Don't forget these tips when moving with horses in Oregon

Moving with Horses around Salem, Oregon

Moving you, your family and your entire household can be overwhelming.  Add to that your tack, feed, horse and outdoor equipment and the job can appear to be impossible.  Below are several ways to reduce the work load.  Remember, when the move is finished and you are watching your horse graze in YOUR pasture, all your effort will be worth it.

My yearling Oldenburg in the pasture, Salem Oregon


  • Start early- I mean months early!  Allow yourself plenty of time to apply for financing, searching for the right property and allow enough time for escrow and moving.
  • Have a garage or barn sale.  Thin out your unused items both in the house and the barn.  We have all heard this before, but it really does lighten the load.  Bonus:  if you start early, you can have several sales, getting rid of more stuff!
  • Follow the Buying Horse Property Trail Guide. When items are completed in order, the trail ride just goes a lot smoother!
  • Enlist the help of friends and family or hire movers to pack up.  Call in those favors!
  • Save your back, and those of your friends by using a dolly for EVERYTHING.
  • Allow more time than needed to vacate your current residence and/or boarding facility.  You may need time to prepare the barn/fences at your new home before moving your horse.
  • If you do not have an overlapping time at each dwelling, consider short term boarding.
  • Be sure to keep a hose, feedpan, extra snaps, a hammer, screw driver and a haynet accessible during the move.
  • When you have your walk-through for your new purchase, take a tape measure for fencing, stall mats, stall doors or walls, concrete or gravel if you plan on having any of these projects done.  Knowing these measurements will allow you to collect bids on the appropriate amounts and streamline the work to be ordered.  HOWEVER, I caution against ordering anything until the sale has offically closed and recorded.
  • When you line up friends and family to help with the move, share with them that your move date could fluctuate a bit.
  • Ask your real estate broker for a plat map so that you have the property dimensions.  This will come in handy for perimeter fencing measurements or planning the layouts for your barn, arena, round pen paddocks or pastures.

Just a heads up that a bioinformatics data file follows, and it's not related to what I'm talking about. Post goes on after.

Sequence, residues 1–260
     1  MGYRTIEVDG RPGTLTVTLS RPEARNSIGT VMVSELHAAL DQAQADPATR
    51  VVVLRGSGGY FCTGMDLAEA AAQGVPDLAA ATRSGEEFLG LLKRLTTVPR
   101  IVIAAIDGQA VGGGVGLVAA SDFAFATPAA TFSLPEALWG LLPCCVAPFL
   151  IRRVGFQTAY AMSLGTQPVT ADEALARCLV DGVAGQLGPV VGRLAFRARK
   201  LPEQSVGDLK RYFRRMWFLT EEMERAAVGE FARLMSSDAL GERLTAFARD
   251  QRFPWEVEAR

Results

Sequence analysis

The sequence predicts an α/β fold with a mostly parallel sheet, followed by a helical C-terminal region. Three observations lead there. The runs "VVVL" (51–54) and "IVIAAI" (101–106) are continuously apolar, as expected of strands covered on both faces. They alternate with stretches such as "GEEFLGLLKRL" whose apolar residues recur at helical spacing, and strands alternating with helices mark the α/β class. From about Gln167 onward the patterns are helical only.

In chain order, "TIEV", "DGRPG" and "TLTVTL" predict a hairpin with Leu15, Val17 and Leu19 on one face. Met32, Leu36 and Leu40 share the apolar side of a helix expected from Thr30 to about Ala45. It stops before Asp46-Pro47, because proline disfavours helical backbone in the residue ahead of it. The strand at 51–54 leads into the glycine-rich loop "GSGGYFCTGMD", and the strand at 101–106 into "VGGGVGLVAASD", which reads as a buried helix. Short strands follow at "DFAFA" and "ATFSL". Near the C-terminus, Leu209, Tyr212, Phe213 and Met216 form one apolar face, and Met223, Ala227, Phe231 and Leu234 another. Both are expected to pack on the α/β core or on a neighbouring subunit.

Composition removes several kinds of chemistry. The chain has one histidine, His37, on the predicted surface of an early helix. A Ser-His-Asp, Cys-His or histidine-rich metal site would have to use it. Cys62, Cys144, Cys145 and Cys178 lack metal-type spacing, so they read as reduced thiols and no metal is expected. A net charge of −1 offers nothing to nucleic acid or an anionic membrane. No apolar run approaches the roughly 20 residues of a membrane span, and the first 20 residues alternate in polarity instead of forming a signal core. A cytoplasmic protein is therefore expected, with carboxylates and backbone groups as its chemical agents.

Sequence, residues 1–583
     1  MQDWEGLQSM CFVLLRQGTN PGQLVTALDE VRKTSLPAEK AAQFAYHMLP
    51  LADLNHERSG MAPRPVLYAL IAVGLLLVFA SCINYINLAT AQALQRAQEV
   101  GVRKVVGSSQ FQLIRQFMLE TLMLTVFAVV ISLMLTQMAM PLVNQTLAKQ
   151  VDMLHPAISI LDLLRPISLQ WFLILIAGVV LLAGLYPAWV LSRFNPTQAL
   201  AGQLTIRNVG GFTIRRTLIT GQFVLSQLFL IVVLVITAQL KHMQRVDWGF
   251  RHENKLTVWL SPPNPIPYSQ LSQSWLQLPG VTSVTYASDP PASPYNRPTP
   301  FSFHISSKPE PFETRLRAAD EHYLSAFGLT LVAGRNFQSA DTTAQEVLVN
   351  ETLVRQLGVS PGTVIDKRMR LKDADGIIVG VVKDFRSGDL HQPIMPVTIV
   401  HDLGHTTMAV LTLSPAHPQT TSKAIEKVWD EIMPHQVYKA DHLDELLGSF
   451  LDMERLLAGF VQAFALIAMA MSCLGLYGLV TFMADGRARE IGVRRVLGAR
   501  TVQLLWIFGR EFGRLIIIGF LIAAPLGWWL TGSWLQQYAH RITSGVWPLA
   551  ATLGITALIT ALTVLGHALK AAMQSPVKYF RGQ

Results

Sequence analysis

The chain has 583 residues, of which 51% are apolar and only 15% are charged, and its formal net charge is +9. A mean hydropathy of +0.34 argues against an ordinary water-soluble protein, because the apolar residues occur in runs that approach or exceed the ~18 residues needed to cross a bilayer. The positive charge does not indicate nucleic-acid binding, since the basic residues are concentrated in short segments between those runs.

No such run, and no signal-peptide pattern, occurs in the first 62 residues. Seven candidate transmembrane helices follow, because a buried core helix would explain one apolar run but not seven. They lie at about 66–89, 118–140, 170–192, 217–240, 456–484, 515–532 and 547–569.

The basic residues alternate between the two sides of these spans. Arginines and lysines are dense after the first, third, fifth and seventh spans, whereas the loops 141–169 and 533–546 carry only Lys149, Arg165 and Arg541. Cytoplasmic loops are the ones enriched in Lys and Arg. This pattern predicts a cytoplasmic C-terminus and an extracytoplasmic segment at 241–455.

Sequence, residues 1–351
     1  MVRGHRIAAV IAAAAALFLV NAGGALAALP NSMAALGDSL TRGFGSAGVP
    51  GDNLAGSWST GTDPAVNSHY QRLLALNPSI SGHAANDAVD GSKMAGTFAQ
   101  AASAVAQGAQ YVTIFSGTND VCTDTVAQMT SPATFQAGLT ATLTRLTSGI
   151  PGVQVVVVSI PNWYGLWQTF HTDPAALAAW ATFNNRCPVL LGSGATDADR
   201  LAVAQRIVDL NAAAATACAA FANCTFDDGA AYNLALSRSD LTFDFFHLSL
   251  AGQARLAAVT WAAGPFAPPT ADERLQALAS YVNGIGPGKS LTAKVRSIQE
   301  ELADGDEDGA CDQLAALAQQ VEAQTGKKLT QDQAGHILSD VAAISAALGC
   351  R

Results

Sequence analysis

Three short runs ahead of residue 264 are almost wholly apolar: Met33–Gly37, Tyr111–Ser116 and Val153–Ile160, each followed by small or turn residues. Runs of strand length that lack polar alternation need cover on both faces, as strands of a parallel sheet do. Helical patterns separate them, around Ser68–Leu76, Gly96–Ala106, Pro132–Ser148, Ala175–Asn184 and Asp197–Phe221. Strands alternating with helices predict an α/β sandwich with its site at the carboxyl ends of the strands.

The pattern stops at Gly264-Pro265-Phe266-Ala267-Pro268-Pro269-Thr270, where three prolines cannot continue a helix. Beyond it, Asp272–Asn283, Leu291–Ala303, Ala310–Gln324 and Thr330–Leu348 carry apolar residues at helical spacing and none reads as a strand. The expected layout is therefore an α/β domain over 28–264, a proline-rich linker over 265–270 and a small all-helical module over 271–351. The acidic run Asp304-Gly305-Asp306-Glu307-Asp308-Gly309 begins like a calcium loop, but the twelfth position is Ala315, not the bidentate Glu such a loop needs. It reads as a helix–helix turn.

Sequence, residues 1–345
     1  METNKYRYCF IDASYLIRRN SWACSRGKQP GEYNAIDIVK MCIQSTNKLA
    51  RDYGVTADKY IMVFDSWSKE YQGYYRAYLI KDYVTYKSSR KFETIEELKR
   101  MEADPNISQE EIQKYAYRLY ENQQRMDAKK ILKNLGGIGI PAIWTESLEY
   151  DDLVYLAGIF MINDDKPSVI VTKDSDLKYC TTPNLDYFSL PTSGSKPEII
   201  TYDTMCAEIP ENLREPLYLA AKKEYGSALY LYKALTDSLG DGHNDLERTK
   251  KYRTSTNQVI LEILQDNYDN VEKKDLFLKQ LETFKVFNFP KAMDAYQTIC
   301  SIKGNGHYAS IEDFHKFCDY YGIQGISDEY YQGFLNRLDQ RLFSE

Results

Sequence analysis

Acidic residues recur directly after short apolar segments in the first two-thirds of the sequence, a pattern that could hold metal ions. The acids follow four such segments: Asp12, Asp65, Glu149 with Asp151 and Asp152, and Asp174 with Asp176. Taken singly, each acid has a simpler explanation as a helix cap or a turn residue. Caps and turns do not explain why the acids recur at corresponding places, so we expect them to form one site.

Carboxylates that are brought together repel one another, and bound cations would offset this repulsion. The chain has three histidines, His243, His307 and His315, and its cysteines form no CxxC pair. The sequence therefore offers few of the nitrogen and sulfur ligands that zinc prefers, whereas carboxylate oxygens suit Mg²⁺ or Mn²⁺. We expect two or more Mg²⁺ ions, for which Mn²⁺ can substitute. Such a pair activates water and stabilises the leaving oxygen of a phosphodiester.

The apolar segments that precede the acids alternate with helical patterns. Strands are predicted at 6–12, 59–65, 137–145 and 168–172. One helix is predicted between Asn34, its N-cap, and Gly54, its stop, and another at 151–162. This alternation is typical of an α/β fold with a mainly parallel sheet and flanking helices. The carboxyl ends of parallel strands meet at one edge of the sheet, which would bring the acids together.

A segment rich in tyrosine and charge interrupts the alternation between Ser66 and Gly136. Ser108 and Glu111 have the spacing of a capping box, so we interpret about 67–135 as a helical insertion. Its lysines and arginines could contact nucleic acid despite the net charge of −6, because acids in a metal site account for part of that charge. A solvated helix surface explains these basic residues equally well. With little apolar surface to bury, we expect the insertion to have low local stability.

• Pack boxes by room (kitchen, bedroom, bathroom, etc) not only for the house but for the tack room too. This will make finding things much easier as you unpack.  Try to keep grooming supplies, first aid, feed supplements and hardware in separate boxes.
  • Label the boxes with the name of the new location in mind.  If it is labeled "tool shed" or "tack room" then whoever is helping you move doesn't have to constantly find you and ask where everything goes.
  • Whatever doesn't sell at your garage/barn sale, donate.  Your used tack items can usually be used by therapeutic riding organizations or 4H.  It makes no sense to move unused, unwanted items to your new home and barn.
  • Keep a list, on one piece of paper or saved in your phone,  ALL of the phone numbers for everyone involved with your move.  Your real estate broker, escrow, lender, all the people helping you move, utility companies, repair men, insurance agent, inspector, pump service, septic company, vet, etc.
  • Depending on the season that you move, have all turnouts or blankets sent to cleaners and bagged.  It will be one less thing to deal with later.
  • During your final walk through, be sure to walk the fence lines if you plan on moving your horse in right away.  Check for weak spots, take your electric fence tester and keep an eye out in the pasture for large holes in the ground.  This will allow you to be prepared in knowing what to bring for repairs prior to turning your horse out.
  • If moving to a new town, be sure to have the numbers of several vets handy, just in case
  • Have your truck and trailer serviced if using for the move.  Check tires, brakes, lights, etc.
  • Create a "packing kit" with hammer, screw driver, nails, rope, string, tape, pens, etc
  • Similar to a survival kit for yourself on moving day, pack one for your horse too!  Including hay, 1-2 rations of feed, 1st Aid Kit, extra halter and lead rope, water bucket, feed tub, hay net, stall pick, wheel barrow, Butte, vet records, extra bag of bedding, treats!

To receive this list in a printable, PDF format, just request "Moving Tips" in the Question Box on the right hand side of your screen and I will be happy to email it to you!

Contact Us

By giving us your phone number and email address, you are giving Catherine Ulrey permission to contact you via email or phone.